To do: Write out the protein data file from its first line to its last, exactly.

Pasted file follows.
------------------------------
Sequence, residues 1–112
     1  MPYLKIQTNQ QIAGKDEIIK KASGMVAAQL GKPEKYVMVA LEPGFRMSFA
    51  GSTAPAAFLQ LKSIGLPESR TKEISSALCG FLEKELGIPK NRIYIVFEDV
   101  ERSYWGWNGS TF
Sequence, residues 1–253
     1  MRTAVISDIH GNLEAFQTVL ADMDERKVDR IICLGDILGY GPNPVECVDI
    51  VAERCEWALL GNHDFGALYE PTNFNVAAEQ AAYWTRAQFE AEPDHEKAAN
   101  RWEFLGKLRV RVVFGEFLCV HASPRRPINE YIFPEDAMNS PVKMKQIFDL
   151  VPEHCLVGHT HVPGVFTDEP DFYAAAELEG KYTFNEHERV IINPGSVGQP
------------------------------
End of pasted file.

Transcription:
Sequence, residues 1–112
     1  MPYLKIQTNQ QIAGKDEIIK KASGMVAAQL GKPEKYVMVA LEPGFRMSFA
    51  GSTAPAAFLQ LKSIGLPESR TKEISSALCG FLEKELGIPK NRIYIVFEDV
   101  ERSYWGWNGS TF
Sequence, residues 1–253
     1  MRTAVISDIH GNLEAFQTVL ADMDERKVDR IICLGDILGY GPNPVECVDI
    51  VAERCEWALL GNHDFGALYE PTNFNVAAEQ AAYWTRAQFE AEPDHEKAAN
   101  RWEFLGKLRV RVVFGEFLCV HASPRRPINE YIFPEDAMNS PVKMKQIFDL
   151  VPEHCLVGHT HVPGVFTDEP DFYAAAELEG KYTFNEHERV IINPGSVGQP